Anti piracy group 'breaks law' to track file sharers

The Swiss authorities have warned a company that tracks file sharers for copyright violations that its tactics violate the country's telecommunication law.


That means the person paying the bill for the Internet service may end up as the target of the civil proceeding rather than the offender, adding another worrying factor into the lawsuits, Schaefer said.

On its Web site, Logistep said it can compile a history of illegal files shared by someone, even if encryption or proxy servers are used to mask the sharing.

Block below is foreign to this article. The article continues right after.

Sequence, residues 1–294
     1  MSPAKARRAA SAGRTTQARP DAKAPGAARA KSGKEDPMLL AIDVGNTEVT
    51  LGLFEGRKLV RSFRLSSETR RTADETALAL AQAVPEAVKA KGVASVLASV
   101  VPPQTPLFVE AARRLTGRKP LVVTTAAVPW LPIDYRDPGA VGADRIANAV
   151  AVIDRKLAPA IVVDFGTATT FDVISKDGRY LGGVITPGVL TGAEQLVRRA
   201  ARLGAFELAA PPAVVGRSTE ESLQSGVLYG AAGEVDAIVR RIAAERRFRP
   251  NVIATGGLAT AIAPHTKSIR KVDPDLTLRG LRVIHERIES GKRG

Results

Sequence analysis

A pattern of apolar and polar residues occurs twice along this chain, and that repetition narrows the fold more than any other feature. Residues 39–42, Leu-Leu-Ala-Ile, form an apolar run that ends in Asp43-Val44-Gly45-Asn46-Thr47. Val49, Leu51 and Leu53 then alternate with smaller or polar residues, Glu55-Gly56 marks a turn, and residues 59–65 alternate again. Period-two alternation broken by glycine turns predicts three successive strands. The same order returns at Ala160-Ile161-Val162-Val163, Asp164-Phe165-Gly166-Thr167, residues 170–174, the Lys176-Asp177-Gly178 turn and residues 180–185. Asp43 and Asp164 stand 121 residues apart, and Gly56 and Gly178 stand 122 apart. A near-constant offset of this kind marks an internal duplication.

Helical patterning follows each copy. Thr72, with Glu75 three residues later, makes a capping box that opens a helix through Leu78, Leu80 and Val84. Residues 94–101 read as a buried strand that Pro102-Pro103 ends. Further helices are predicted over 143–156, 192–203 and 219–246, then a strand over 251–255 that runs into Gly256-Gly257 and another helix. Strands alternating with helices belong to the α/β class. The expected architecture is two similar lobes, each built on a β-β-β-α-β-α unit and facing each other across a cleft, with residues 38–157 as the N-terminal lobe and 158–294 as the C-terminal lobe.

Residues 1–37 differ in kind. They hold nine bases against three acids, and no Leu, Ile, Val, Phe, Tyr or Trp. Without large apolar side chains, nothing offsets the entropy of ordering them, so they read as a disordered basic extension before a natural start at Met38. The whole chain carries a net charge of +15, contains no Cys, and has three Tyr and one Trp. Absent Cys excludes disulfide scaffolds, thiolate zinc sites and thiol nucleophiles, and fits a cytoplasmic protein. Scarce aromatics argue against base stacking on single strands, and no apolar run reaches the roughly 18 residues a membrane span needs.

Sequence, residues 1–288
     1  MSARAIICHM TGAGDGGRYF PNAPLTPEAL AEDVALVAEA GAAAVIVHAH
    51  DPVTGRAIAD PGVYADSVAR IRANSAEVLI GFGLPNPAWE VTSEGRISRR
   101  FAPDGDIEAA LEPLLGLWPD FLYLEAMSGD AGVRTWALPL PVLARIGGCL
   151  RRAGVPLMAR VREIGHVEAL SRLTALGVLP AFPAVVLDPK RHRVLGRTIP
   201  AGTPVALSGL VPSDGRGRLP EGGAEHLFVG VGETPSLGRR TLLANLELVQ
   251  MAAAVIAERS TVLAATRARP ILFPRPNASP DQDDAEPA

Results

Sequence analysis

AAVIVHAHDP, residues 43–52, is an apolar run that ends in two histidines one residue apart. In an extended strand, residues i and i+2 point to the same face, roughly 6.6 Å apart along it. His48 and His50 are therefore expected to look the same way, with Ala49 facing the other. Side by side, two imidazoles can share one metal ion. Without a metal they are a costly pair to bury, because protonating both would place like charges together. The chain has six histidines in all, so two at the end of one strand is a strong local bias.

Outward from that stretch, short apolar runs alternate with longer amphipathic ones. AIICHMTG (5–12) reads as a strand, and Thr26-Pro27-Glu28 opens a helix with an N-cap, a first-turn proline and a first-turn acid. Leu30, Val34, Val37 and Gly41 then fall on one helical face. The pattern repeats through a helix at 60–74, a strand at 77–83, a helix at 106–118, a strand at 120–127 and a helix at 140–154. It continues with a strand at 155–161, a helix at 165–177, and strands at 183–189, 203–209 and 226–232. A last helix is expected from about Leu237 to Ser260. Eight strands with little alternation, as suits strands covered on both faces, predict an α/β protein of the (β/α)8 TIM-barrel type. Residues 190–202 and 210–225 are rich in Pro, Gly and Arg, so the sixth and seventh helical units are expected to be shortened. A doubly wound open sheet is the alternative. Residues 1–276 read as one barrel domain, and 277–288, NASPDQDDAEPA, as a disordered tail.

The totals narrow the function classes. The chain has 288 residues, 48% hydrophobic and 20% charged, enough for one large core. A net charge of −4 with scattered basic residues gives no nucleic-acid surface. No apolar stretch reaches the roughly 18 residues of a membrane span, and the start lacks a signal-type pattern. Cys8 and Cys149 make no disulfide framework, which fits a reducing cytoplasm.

The row comes amid growing concerns over how personal data is collected and retained in Europe.

On Monday, a top European data protection official, Peter Schaar, said at a European Parliament hearing that an IP address should be considered personal information since it can be used to identify people.

Schaar is chairman of the Article 29 Data Protection Working Party which is looking at personal data and privacy issues, such as what kind of data search engines retain. A report is scheduled for release by April.

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